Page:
A well versed and to the point factual redition of our past which have been forgotten by many. Just one other point of interest is that Danie Craven said that no person of colour will ever wear Springbok blazer.

  7. NA Wentzel says:

    Absolutely sickening. This comes when placing the cart B4 the horse. International sport shoul never have been entered until our sport (all sport) enjoyed equal status.(facilities,sponsors etc. etc). I serve at a local soccer club(50 years old in 2014) & in 2014 we did not even have a facility to play our home games at. We had to commute our players from lavender hill, cafda,grassy park to a facility in Athlone to play our “home” games. I have heard of similar inside stories within cricket where transformation is absent. I am at the point where I no longer support our National teams

  8. clive says:

    Agreed 100% NA Wentzel.Good article Dougie

  9. Yusuf Rossier says:

    I agree with most, if it all of the above. However, what really pisses me off is that no one speaks out about transformation in soccer

  10. 12/08/15
    Hi
    Its about self-image, White Afrikaners and rugby, and Black Africans and football. “Tradition”, as Danie Craven contended, and both are equally retrogressive . We are inclined to pussyfoot around issues where the majority ethnic group is concerned, out of respect for past suffering. However, all the citizens of this country are suffering the consequences of maladministration , and incompetence, as a result of well-intentioned efforts to redress injustices, which are often exacerbated by excessive demands for “transformation”. For example, there is loud clamouring from some quarters for sports teams to reflect South African demographic percentages. The misadventures of our national soccer team is evidence of this flawed mode of thinking.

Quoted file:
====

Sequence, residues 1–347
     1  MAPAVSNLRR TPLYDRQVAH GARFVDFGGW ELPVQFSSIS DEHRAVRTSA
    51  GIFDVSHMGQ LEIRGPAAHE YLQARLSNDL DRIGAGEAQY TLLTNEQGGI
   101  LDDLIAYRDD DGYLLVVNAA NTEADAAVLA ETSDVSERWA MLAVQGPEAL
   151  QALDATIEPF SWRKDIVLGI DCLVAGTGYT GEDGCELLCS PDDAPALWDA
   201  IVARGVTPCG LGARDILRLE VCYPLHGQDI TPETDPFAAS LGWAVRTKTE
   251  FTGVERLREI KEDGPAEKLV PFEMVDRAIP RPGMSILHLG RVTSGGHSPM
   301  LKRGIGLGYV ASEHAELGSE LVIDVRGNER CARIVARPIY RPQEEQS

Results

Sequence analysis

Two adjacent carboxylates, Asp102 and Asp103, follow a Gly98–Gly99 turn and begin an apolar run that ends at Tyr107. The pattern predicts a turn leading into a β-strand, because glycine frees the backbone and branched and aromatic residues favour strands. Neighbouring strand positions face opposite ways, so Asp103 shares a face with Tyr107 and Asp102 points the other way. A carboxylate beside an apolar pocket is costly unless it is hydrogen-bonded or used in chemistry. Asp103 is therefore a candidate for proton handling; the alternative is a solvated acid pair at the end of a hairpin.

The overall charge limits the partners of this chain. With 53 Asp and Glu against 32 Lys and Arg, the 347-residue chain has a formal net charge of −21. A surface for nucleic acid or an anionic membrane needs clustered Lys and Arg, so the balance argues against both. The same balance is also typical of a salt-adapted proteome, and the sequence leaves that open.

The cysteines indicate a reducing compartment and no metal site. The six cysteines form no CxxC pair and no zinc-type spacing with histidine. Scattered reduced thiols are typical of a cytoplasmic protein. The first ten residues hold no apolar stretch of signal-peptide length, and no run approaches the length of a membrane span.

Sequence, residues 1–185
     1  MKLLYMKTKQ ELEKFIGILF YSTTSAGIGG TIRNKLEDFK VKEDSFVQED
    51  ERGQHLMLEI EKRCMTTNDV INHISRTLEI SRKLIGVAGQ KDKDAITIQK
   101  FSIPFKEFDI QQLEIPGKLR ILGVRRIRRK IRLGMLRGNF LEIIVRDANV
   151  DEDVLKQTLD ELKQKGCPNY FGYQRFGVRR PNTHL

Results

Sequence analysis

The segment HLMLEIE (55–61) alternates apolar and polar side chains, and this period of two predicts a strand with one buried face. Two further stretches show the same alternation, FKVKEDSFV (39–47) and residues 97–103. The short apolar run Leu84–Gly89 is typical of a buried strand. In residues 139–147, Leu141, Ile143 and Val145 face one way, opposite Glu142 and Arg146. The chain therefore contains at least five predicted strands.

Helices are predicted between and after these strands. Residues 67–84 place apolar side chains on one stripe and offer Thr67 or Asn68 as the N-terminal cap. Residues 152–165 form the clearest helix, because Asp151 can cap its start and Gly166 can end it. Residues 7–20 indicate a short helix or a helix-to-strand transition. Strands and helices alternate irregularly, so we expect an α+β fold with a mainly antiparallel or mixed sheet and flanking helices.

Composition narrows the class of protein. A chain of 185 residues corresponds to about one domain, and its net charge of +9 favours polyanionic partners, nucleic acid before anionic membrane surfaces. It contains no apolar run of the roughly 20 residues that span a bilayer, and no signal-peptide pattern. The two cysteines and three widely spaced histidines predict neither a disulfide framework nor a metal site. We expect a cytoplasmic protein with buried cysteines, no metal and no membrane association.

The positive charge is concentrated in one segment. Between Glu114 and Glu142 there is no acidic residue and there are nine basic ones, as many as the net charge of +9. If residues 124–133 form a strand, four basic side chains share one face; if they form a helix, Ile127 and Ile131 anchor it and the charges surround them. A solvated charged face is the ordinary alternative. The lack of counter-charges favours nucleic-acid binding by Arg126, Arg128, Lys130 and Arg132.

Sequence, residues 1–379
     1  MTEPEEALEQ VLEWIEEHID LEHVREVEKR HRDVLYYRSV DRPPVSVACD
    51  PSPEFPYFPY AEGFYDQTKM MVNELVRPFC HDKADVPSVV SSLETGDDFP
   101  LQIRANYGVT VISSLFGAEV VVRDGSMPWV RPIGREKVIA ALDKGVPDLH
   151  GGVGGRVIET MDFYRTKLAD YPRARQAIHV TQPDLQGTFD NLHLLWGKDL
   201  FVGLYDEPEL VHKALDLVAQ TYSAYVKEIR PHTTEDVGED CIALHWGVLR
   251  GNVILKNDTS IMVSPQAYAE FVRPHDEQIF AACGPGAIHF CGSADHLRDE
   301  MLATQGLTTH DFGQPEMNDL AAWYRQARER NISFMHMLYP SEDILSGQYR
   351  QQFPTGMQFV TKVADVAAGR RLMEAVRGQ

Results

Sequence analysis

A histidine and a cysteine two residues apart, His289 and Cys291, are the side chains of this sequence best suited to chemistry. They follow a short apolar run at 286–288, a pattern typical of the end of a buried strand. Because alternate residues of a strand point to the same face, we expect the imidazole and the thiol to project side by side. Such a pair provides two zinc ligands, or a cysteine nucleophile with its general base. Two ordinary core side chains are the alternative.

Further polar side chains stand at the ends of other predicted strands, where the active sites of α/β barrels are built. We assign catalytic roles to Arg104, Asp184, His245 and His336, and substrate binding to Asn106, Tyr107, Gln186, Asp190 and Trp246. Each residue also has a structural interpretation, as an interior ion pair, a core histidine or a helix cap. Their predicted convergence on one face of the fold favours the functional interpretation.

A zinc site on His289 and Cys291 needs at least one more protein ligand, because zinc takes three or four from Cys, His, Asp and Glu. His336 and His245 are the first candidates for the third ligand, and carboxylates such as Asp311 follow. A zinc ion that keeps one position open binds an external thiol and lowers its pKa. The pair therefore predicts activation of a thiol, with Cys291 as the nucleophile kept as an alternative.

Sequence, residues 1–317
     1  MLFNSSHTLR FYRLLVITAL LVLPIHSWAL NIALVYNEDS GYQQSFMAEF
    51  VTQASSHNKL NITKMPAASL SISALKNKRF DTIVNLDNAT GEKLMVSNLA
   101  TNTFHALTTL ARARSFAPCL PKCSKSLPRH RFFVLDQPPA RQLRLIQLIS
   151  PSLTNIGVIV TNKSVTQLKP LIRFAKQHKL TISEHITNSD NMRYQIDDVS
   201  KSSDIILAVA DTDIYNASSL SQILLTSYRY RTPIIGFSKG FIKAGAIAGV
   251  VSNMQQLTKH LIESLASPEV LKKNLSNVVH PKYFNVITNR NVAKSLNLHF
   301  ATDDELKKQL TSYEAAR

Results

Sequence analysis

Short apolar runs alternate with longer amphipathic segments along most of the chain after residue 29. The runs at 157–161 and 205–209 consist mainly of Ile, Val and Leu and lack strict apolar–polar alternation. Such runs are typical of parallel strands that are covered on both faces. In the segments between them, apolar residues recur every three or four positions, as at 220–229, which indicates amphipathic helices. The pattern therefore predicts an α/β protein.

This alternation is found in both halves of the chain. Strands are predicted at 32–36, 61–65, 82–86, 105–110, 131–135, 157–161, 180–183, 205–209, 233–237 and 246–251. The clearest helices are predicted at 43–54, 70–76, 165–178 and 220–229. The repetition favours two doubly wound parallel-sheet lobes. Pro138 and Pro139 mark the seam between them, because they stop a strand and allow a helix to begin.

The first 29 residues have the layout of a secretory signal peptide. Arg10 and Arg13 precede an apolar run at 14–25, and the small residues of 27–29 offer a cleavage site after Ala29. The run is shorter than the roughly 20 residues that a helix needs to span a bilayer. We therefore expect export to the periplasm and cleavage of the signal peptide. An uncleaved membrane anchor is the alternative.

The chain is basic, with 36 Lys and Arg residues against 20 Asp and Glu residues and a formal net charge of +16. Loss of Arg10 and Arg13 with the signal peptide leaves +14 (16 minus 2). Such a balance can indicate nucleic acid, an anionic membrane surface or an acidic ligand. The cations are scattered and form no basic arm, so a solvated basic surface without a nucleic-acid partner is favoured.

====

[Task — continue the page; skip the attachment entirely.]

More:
11. Mark says:

    Nothing changes since the sixties,thy only take apartheid from the books,but not the mind,if we want to be a rainbow nation,than we must start to be bring the colours together,and do what is right.Thanks Dougie,